When we arrived in Oriental in July, we went straight to work on our (hopefully) last major project: replacing the aluminum fuel and water tanks. We hadn’t noticed any problems, but tank failure is a common problem in Island Packets of our vintage. We’d rather address it now, under controlled circumstances, than gamble and scramble later. And it turned out to be prescient, because when we did open up the water tank, merely touching some spots caused them to crumble into dust and open into holes.
Replacing the tanks is yet another huge job. The yard cut out our cabin sole, and the Captain got to work with a saws-all to cut up the water tank and remove it.
We’re getting awfully good at removing everything from the boat and hanging up plastic. Here is the Captain hard at work, wielding his trusty saws-all and cutting out the water tank. First he had to cut out the tank’s top between the baffles, then cut out the baffles, and then get the sides and bottom.
I was batting clean-up–literally. My job was to try to vacuum up fiberglass dust and aluminum shards as they were being spit out. Once the Captain removed the water tank, I went down in the bilge and cleaned it out.
The yard removed the fuel tank and then made measurements to draft plans for new tanks. With no floor, the boat was no longer livable, and we drove out of state to the Admiral’s house (the First Mate’s mom) to stay until the new tanks arrived.
We spent three fun weeks at the Admiral’s house before it became abundantly clear that Hurricane Florence had the North Carolina coast square in her sights. We loaded up the car and raced back to the boat, working on contingency plans as we went. We spent two hot and tense days preparing the boat, and she was hauled and put on the hard along with all of the other boats in the yard.
Kestrel as we left her, bare of canvas and on the hard.
Having gone through a number of tropical storms and hurricanes, we know the proper steps to take for storm prep; the details of how we prepare for hurricanes and tropical storms will be in a separate post.
We bade an emotional goodbye to Kestrel on September 12; at that point, we didn’t honestly think we’d see her (at least whole) again. We went to our friends M&N’s house; they too had been preparing their home and boats for days. Florence was forecast to make landfall nearby as a Category 4 hurricane with a massive storm surge and staggering inland flooding.
This is what pretty much every water aisle in every grocery store looked like.
We had all been hoping to hunker down and ride out the storm at their house, but by that point it had become clear that given the projected winds and flooding, the responsible choice was to go. On September 13, the four of us (plus the dog in charge) all piled into three cars and reluctantly evacuated to a hotel in Charlotte, NC.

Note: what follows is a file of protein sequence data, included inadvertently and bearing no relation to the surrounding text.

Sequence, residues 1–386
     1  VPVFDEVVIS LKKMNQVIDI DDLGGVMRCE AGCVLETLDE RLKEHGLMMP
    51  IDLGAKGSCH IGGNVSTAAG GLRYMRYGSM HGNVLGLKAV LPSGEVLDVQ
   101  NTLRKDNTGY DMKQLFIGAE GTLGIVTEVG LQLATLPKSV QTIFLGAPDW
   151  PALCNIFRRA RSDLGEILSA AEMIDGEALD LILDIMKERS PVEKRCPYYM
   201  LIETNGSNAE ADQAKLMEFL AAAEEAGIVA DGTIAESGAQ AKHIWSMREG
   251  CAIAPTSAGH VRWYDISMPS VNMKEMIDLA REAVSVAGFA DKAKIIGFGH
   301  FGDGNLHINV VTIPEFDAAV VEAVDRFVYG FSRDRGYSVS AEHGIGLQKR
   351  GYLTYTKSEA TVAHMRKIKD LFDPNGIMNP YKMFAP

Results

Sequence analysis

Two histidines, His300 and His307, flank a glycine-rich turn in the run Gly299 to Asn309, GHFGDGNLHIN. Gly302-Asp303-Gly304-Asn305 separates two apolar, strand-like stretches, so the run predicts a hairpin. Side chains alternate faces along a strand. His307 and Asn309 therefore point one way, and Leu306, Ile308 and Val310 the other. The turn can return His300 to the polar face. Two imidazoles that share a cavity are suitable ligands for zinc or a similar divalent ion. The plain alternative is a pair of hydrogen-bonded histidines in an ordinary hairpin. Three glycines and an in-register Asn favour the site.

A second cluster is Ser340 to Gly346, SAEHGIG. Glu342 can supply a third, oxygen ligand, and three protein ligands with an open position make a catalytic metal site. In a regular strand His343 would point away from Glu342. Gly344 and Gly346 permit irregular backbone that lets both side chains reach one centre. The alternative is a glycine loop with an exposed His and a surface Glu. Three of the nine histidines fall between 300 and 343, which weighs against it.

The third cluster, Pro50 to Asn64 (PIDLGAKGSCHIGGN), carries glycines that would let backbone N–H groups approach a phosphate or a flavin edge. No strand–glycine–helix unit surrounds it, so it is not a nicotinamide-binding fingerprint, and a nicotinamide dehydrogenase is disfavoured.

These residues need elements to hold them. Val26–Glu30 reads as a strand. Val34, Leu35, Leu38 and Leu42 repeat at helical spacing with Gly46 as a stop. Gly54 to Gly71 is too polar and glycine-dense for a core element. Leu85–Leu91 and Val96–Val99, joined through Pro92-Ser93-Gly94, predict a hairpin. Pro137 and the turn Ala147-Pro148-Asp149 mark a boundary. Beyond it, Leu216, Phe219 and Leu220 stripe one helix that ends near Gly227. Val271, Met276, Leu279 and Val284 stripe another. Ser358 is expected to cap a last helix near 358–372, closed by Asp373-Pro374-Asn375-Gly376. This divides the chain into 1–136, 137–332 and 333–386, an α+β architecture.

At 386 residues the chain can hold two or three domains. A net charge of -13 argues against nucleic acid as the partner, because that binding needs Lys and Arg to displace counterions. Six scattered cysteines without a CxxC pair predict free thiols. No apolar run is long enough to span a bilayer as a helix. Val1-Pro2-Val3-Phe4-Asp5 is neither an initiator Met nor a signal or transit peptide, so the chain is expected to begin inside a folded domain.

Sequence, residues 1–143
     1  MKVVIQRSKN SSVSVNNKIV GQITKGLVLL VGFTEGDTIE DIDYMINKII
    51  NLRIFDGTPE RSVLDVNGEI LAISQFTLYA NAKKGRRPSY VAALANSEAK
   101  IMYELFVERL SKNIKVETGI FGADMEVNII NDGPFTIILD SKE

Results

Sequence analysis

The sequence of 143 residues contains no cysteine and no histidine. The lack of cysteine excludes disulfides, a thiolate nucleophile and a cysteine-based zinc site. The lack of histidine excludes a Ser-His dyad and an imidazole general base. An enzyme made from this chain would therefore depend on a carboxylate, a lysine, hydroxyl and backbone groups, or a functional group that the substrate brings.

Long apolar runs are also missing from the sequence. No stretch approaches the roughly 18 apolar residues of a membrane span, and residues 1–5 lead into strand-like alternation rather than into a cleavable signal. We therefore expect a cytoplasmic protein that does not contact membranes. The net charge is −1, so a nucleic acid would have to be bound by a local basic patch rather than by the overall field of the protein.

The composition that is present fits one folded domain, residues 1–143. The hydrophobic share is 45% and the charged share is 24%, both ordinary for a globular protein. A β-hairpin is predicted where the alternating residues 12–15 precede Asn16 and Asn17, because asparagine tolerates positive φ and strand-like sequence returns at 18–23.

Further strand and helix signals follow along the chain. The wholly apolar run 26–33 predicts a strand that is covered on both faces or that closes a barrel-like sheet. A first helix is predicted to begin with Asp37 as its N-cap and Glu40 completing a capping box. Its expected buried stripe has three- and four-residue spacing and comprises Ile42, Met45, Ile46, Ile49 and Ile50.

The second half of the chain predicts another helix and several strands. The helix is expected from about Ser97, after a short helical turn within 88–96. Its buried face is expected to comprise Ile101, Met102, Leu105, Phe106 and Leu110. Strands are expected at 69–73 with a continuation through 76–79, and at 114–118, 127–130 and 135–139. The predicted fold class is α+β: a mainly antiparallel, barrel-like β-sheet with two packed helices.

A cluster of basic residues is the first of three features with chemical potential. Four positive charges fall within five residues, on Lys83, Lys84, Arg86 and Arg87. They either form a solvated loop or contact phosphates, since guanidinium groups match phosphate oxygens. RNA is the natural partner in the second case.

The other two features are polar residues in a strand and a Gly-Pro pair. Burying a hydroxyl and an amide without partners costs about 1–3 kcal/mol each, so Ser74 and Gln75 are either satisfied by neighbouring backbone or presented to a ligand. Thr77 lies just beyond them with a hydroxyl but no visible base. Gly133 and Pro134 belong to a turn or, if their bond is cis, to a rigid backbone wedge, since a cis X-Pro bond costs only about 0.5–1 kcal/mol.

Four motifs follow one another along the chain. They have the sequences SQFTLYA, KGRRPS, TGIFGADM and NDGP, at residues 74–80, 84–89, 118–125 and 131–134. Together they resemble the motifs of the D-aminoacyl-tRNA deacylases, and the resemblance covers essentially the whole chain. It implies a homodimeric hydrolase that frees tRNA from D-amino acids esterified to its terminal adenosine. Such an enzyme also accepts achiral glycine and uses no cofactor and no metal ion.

By the time we evacuated, gas was getting very hard to find. Fortunately we had all filled up, both cars and cans, in anticipation of fuel shortages.
We spent five nights at a Marriott Residence Inn; it had a full fridge and a cooktop, so we were able to cook our own meals to defray the cost. It was hugely luxurious and allowed us to concentrate on watching the storm and gathering information; the Captain put the NSA to shame with the amount of information he was able to glean online. The hotel was also pet-friendly and filled with other evacuees from both North and South Carolina, so we got both camaraderie and dog kisses.
This was the Captain’s Control Room. He didn’t move from this spot for days.
But while staying in a hotel is nice, it sure isn’t cheap. Fortunately another friend offered us the use of his home outside of Greensboro, so we made evacuation #2 on September 17. We went from city hustle and bustle to peaceful countryside, and it was a welcome change.
With a view like this, it’s hard to believe that the eastern half of the state is suffering with massive flooding.
As forecast, Oriental took a pounding from wind and rain and eventually saw a 9 ½ foot floodwater surge that paralyzed the town. Power was just restored today, and floodwaters have receded enough to get in and out of town. Some services such as water have been fully restored, but others such as internet and cell service are still intermittent. Some businesses are open, mostly importantly the Piglet for groceries and, occasionally, fuel. Anyone interested in Hurricane Florence’s impact on Oriental should look at the photos on Towndock.net at http://towndock.net/news/oriental-after-florence.
This is not my photo; it’s from TownDock.net at http://towndock.net/on-the-cover/rabid-rabbit-on-a-dock. I think this is the most vivid example of how high the storm surge in Oriental was.
M&N’s town saw huge winds that knocked down giant trees and 35 inches of rain that resulted in massive flooding, power loss, and water main breaches. The rainfall they suffered set an all-time state record.
The yard owner tells us that Kestrel is still upright in her jack stands and that the hull and standing rigging look undamaged, at least from the ground. Tomorrow we head to M&N’s house to help them with the cleanup process and to check on Kestrel.
On a personal note, we want to thank all of our friends who have reached out to check on us or offered to bring us supplies as they came through Oriental. In a time of great uncertainty, knowing that there’s people who care makes things feel more bearable, and for that we’ll always be grateful.
At the end of the day, you just have to laugh. And I can always count on the goofs making internet memes for that.